Axis Voicebox S
Why the Axis Voicebox S Sounds the Way It Does
Every piece of audio equipment introduces signal delays—there are no exceptions. If the delay is the same across the entire operating frequency spectrum (typically 20Hz to 20kHz) then the piece of equipment is said to be in linear phase. This is a highly desirable property because it preserves information about the tonal characteristics of the instruments and voices, and about the location of instruments and voices in the phantom acoustical scene. It also preserves information about the acoustical ambience of the room in which the recording was done.
Unfortunately, different parts of the operating frequency spectrum are delayed by different amounts whenever the audio signal is processed by equalisers, compressor/limiters, amplifier tone controls, loudspeakers, and so on. These phase non-linearities are a known form of audio distortion. Loudspeakers introduce more such phase distortions than any other component in the audio reproduction chain.
It was previously thought that the only way of achieving linear phase with loudspeakers containing analogue crossovers was to remove the phase non-linearities in the digital domain. The Voicebox S is proof that it is possible to design a loudspeaker that is very close to being in linear phase without using digital crossovers and digital signal processing to correct for phase non-linearities.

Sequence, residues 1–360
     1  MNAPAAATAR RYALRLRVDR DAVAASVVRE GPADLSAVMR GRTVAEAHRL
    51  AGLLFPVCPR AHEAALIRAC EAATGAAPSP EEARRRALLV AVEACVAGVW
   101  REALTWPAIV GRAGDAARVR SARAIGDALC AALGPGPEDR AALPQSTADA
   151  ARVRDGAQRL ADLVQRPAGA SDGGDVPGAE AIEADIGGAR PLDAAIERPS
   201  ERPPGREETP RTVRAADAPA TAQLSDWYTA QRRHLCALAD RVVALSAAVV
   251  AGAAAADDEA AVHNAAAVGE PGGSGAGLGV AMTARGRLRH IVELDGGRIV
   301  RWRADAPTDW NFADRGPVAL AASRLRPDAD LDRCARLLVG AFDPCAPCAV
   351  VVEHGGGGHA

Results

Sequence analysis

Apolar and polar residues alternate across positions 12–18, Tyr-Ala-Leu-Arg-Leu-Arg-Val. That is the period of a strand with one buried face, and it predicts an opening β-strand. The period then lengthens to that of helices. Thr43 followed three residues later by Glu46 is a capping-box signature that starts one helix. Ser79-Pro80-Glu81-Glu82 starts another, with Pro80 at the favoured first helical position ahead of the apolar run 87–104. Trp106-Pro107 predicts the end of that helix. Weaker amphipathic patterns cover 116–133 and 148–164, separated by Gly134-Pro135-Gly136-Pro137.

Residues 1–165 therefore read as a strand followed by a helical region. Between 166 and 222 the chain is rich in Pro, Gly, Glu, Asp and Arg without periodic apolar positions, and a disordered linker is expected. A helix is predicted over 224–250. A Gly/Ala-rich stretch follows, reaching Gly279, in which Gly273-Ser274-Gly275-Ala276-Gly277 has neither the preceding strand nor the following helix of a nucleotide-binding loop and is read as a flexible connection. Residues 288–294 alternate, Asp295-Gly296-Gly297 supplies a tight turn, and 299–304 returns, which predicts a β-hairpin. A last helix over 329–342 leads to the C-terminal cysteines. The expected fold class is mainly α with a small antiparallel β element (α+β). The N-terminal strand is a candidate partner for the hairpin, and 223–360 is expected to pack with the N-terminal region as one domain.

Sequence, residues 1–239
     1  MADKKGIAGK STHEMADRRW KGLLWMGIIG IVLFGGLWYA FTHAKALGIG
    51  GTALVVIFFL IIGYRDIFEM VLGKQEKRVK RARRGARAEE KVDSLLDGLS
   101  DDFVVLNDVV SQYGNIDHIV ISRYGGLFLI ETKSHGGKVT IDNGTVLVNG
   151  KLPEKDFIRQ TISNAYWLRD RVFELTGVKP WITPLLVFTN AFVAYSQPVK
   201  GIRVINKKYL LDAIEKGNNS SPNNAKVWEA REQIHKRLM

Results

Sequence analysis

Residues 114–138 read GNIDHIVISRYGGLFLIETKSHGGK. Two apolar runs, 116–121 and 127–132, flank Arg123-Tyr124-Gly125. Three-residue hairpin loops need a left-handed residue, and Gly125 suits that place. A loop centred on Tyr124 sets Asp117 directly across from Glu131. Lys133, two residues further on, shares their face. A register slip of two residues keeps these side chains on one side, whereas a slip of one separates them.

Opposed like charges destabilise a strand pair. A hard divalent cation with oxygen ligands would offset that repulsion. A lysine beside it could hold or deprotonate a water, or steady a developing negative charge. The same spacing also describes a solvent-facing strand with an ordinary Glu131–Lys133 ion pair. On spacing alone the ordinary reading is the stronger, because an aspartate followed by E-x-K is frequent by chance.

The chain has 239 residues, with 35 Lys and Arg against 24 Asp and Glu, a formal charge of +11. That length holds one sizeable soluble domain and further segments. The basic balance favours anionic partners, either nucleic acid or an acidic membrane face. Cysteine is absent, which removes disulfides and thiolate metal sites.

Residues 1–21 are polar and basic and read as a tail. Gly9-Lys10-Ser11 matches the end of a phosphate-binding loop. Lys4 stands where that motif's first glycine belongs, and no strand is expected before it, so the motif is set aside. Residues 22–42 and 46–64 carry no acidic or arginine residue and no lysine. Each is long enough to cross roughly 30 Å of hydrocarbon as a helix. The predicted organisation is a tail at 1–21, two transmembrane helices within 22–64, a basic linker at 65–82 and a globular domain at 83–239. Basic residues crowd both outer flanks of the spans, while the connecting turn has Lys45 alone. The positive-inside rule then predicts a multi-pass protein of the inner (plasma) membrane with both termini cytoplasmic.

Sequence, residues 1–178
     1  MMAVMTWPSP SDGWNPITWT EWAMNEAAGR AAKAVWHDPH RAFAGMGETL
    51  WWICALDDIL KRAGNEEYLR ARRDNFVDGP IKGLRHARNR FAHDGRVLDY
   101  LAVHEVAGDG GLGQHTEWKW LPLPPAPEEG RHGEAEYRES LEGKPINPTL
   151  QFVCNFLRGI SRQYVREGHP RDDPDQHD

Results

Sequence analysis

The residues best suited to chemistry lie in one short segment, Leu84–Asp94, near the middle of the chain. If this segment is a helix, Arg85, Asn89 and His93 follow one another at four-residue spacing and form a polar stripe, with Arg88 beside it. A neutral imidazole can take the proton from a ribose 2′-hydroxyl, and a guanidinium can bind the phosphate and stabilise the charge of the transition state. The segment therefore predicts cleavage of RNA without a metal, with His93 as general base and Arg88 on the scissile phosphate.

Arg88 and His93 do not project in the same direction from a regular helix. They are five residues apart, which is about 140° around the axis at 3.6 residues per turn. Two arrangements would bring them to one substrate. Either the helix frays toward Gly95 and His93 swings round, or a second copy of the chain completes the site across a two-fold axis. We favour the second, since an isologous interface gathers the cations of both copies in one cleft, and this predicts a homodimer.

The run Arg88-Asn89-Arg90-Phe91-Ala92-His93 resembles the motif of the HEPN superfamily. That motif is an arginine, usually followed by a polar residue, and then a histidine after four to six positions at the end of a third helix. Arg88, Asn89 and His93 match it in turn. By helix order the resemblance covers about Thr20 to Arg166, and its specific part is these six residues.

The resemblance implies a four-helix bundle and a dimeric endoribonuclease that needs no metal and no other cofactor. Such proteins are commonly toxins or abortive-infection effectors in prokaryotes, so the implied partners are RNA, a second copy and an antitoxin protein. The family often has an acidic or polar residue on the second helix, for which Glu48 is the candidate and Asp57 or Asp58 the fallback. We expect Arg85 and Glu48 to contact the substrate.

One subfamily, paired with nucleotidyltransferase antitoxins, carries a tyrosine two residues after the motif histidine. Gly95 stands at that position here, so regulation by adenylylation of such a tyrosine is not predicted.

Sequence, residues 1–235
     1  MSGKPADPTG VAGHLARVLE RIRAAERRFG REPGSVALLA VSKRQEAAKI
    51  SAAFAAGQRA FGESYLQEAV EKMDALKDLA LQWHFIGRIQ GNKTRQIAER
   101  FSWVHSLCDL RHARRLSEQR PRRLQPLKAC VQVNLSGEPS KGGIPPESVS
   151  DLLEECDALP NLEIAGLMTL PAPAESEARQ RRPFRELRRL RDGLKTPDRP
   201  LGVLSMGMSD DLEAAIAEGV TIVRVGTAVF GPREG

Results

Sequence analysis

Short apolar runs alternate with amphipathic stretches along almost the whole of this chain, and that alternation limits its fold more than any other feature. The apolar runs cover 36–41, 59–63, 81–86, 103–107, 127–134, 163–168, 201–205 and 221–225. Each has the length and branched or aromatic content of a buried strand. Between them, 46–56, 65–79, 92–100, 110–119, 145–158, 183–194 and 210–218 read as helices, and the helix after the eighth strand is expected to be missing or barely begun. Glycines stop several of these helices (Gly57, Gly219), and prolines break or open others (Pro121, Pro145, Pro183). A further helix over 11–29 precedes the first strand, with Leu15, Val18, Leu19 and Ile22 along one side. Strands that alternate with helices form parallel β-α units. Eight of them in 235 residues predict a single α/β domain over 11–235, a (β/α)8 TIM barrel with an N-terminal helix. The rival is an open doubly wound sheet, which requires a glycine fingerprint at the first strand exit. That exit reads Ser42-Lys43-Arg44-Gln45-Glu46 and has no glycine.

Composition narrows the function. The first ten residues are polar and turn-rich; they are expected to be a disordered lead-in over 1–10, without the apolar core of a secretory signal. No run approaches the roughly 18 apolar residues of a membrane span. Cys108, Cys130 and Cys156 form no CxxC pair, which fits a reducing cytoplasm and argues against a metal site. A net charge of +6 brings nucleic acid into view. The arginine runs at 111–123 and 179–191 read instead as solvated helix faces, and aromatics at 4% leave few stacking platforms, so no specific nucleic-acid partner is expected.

Some speaker designs use time-aligned drivers, where the lower frequency drivers are positioned slightly closer to the listener than the higher frequency drivers. Unfortunately this only corrects for phase timing differences at a single frequency, and at a single position (wherever the measurement microphone was placed). Even loudspeakers that are claimed to be “phase-corrected” aren’t really because (once again) this is in reference to a handful of frequencies measured by a microphone at a fixed position.
How else can a loudspeaker’s phase correctness be measured across the entire operating frequency spectrum? Simple — subjective listening! And what do we listen for? Stereo imaging accuracy and tonal envelope accuracy. Mastering engineers have long known that maintenance of linear phase was the only way to get the best stereo imaging and faithful reproduction of the entire acoustical envelope of an instrument or a voice. Get stereo imaging and the tonal envelope right and everything else falls into place. Voices and instruments become sharply focused in the phantom acoustic scene, and they exhibit body and weight in three dimensions.
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